South Sudan became the newest country in the world in 2011. While there is great hope for this nation, communities are facing multiple threats.
What is the current situation in South Sudan?
Food insecurity, conflict, climate change, gender inequalities, and now coronavirus, are just some of the challenges that millions of our South Sudanese brothers and sisters face daily.
There are huge needs across the country:
- 8.3 million people are projected to need humanitarian assistance in 2021, which is an increase on last year’s figure.
- 7.2 million people are expected to face high levels of acute food insecurity, around 60% of the population.
- Half of South Sudan lacks access to safe water.
Decades of fighting before independence and more conflict afterwards, combined with floods and droughts, has forced millions of people to leave their homes. Over 3.8 million people are displaced within South Sudan or are now living as refugees in neighbouring countries. Since mid-2020, more than 500,000 people have been displaced because of flooding.
Women and girls are particularly affected by conflict, facing challenges of gender-based violence, little decision-making power, and lack of access to resources.
Coronavirus is now another pressure on an already weakened healthcare system, with cases being reported in locations through the country. Beyond the initial health needs, coronavirus has proven a “triple threat”: an increase in food prices beyond the ability of the poorest to absorb, reports of an increase in violence against women and girls, and exacerbating other health problems.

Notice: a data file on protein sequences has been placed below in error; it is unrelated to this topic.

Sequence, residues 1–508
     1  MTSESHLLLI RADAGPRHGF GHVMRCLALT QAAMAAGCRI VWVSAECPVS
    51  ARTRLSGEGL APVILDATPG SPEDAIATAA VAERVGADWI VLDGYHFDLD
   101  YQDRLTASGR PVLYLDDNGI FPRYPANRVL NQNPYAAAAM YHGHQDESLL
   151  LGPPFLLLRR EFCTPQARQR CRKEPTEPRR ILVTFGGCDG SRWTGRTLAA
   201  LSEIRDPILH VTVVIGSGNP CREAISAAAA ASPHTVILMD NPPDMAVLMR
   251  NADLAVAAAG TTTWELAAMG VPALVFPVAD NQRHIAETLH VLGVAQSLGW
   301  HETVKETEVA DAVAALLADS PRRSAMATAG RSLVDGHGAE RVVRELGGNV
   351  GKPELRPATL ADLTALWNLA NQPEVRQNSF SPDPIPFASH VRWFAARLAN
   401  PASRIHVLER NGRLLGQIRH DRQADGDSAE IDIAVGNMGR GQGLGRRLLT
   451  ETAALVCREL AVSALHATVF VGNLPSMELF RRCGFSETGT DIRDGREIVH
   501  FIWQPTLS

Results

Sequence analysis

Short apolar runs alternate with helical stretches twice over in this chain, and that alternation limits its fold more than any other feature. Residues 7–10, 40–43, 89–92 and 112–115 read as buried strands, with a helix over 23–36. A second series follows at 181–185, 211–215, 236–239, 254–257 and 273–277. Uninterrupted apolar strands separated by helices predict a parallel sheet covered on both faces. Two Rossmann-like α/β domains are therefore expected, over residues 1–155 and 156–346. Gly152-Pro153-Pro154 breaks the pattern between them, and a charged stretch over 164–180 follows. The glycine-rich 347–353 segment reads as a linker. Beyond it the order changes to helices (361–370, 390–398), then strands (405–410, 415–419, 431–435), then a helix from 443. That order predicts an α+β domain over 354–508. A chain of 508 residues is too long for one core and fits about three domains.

What work is CAFOD doing in South Sudan?
In April 2015 we merged our operations in South Sudan with those of Trocaire, our sister agency in Ireland, to increase programme scale and impact, while reducing administration and support costs.
CAFOD and Trocaire both have a long history of working in South Sudan through Church and non-Church partners who support vulnerable people – of any or no faith - in communities:
We are supporting families with crop production through provision of seeds, tools, and training in climate-friendly agricultural practices, so communities are resilient to future shock and strains. We work with volunteers and agricultural groups who share trainings and support each other - some groups are beginning to sell seeds to others.
We are providing food and essential household goods to people who have returned or been displaced by conflict or climatic pressures such as floods. We work with local communities who welcome those who were forced to leave their homes.
We provide safe water for communities, installing and fixing water pumps. We work with communities to establish 'water user committees' who oversee use of the pumps, and train mechanics who can fix them if they fall into disrepair.
We are promoting justice and peace, working with Church partners to bring communities together for non-violent resolution to conflict. We are working with those who have been affected by conflict with psychosocial support.
In the UK, we continue to campaign for the British government to help maintain long-term peace and development in South Sudan.